its effect, the tailored suit is a com
paratively simple creation this season.
The over-elaborate, dressy costume
that has been put forth under such
name during the past few years, is not
conspicuous. While a great deal of
fur trimming is used and while braid
of every kind is in evidence, there is a
certain air of simplicity, and that sim
plicity always means a handsome and
distinctive result.
At a first glance, the thought is that
everything flares, that from beir.g
straight and narrow, we have suddenly
grown voluminous, for in one way or
another, in the coat, in the tunic or in
the skirt breadth, width and ripple
effect is to be found. But while this is
true, a second glance assures recogni
tion of the fact tjiat in many instances
women are clinging to straight lines,
for they are loathe to give up all the
slendcrness which it has taken years
to achieve. A very handsome coat
suit seen during an afternoon session
was for example, made of black broad
cloth with narrow skirt and oddly
shaped tunic, and the tunic was laid
in many plaits. Consequently, when
the wearer walked, there was much
flare and breadth, but when she stood,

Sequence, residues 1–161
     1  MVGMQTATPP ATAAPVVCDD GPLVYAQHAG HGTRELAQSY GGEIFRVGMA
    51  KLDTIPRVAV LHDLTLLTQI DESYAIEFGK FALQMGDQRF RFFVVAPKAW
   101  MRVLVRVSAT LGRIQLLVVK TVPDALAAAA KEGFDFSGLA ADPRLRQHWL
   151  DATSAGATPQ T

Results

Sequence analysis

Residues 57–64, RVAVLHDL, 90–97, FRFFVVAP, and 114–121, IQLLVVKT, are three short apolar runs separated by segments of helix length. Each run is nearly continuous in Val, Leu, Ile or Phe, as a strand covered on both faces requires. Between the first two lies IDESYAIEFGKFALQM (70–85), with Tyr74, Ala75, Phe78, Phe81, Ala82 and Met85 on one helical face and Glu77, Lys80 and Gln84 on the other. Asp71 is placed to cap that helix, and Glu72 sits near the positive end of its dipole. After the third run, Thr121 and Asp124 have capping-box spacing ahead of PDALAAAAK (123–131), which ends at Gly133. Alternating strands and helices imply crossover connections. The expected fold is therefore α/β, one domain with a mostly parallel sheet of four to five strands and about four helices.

' there were straight lines preserved.
The coat extended only a little below
the waist-line, but hung in straight
lines and was trimmed with collar
and cuffs of blue fox, while the accom
panying hat was a real "tricorne" with
crown of silver brocaded vtfvet with
:ip-turned brim of plain velvet banded
with fur of the same sort. An exceed
ingly handsome suit was made of com-
bined broadcloth and baby lamb vel
vet in a wonderful shade of mole, the
skirt or as much of the skirt as could
be seen was made of the fur velvet
' '
MsOv)l 8086 .'S8i H
with long flaring tunic of the cloth
and the coat again was a short one of
the velvet to match the skirt, with
sleeves of cloth, for this is a season
of contrasting sleeves, and these
appear in the coat suits of more
elafiorate sort as well as in the gowns.
Beaver is more conspicuous than it
has been in many years. A very
elegant costume of green vclour de
laine was made with circular skirt
finished with a wide band of beaver
fur and a coat that hung in straight
lines to below the hips where it was
finished with a full skirt forming, a
deep band at each side and this skirt
was edged with a narrow band ot the
beaver, the same fur being used for the
choker collar and wide cuffs. Chokers
are unquestionably a feature, and that
they are becoming is true, but whether
ccmfortable or not under mild weather